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Kai Ryssdal: If you've ever been up in the middle of the night with a sick infant or toddler, you know how tempting it is to want to give the kid some medicine just so everybody can get some sleep. If you haven't been there, trust me, it's tempting.
But the Food and Drug Administration is warning parents not to give cough or cold medicines to children under 2 unless a doctor tells them to. The recommendation comes after a campaign by pediatricians who've treated overdoses of cold remedies you can find on the shelves of most drug stores.
From the Marketplace Health Desk at WGBH in Boston, Helen Palmer has more.
Helen Palmer: When they grab that cough syrup for their sick kid, most parents probably don't read the label on the back.
But Dan Fratterelli of the American Academy of Pediatrics says some active chemicals in these common medicines can be deadly.
Dan Fratterelli: Pseudoephedrine, for example, would be available as Sudafed among other things. Diphenhydramine as Benadryl.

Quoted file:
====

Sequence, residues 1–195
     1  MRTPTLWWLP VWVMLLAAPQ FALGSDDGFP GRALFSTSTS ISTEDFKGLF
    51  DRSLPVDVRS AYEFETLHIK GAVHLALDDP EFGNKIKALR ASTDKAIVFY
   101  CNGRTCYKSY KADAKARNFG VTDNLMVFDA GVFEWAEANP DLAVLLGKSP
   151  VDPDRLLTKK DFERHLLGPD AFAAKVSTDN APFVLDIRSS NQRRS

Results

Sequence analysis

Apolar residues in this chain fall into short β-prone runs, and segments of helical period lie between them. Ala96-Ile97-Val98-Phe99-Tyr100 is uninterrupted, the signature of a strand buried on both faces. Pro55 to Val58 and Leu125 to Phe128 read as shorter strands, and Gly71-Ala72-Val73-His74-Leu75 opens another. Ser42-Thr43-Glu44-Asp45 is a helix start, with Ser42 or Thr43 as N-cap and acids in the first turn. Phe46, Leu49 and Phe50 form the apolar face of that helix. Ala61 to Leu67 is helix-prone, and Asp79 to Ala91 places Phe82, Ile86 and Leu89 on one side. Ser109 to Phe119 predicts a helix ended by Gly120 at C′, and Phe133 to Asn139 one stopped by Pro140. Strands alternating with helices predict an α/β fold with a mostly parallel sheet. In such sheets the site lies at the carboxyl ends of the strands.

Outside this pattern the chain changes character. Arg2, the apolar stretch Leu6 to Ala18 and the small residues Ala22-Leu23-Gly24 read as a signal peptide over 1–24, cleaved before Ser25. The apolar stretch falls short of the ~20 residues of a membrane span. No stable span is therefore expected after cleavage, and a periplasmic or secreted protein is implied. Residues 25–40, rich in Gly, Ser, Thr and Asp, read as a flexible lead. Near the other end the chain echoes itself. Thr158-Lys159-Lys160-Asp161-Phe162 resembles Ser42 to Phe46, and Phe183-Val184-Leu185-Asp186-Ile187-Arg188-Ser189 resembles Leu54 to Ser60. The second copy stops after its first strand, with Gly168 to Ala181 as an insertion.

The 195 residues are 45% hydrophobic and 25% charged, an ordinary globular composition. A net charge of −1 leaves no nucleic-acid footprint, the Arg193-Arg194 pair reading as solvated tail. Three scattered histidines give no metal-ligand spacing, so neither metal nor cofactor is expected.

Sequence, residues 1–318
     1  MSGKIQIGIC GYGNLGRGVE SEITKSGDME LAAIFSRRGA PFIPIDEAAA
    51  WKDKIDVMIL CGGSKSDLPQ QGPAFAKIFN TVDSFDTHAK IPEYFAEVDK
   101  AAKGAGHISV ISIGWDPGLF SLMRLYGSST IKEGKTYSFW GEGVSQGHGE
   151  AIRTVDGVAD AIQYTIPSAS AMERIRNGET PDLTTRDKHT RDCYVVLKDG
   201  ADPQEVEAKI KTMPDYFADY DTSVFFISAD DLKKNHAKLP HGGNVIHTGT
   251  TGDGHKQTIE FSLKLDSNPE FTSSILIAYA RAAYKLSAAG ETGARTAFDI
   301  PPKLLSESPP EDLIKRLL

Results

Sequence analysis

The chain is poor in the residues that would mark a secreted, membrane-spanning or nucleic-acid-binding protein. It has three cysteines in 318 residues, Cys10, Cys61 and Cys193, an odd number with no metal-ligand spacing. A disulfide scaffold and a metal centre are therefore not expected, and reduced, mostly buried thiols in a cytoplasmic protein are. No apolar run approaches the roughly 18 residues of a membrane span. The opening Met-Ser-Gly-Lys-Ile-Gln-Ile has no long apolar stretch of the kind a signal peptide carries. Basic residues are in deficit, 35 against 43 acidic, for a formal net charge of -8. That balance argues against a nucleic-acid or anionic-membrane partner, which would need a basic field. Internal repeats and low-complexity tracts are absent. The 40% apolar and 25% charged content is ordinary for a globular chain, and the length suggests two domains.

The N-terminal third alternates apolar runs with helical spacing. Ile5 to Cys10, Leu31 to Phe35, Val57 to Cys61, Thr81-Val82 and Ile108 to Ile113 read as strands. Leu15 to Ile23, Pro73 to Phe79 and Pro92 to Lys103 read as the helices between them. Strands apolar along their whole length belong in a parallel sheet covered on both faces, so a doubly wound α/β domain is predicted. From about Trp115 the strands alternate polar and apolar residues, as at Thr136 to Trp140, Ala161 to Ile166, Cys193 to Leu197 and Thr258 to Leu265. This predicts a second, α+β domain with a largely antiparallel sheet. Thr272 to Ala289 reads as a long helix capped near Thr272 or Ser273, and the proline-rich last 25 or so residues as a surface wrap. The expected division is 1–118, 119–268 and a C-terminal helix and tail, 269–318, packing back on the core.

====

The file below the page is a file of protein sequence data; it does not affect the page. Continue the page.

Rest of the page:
Fratterelli says an excess dose of pseudoephedrine can overstimulate the heart, and diphenhydramine is a sedative. But he stresses that at the proper dosage for kids over 6, there's no danger.
The makers of these medicines are represented by the Consumer Healthcare Products Association. Its president is Linda Suydam.
Linda Suydam: Parents have relied on these for many years. They rely on them because they work, they're safe if used as directed. Millions of parents have used them.
But pediatrician Dan Fratterelli says even though millions of parents have used them, that doesn't make them effective.
Fratterelli: The data that we have on them shows that they don't work — at least in terms of controlling cough and cold symptoms.
An expert FDA panel will review these issues in October.
In Boston, I'm Helen Palmer for Marketplace.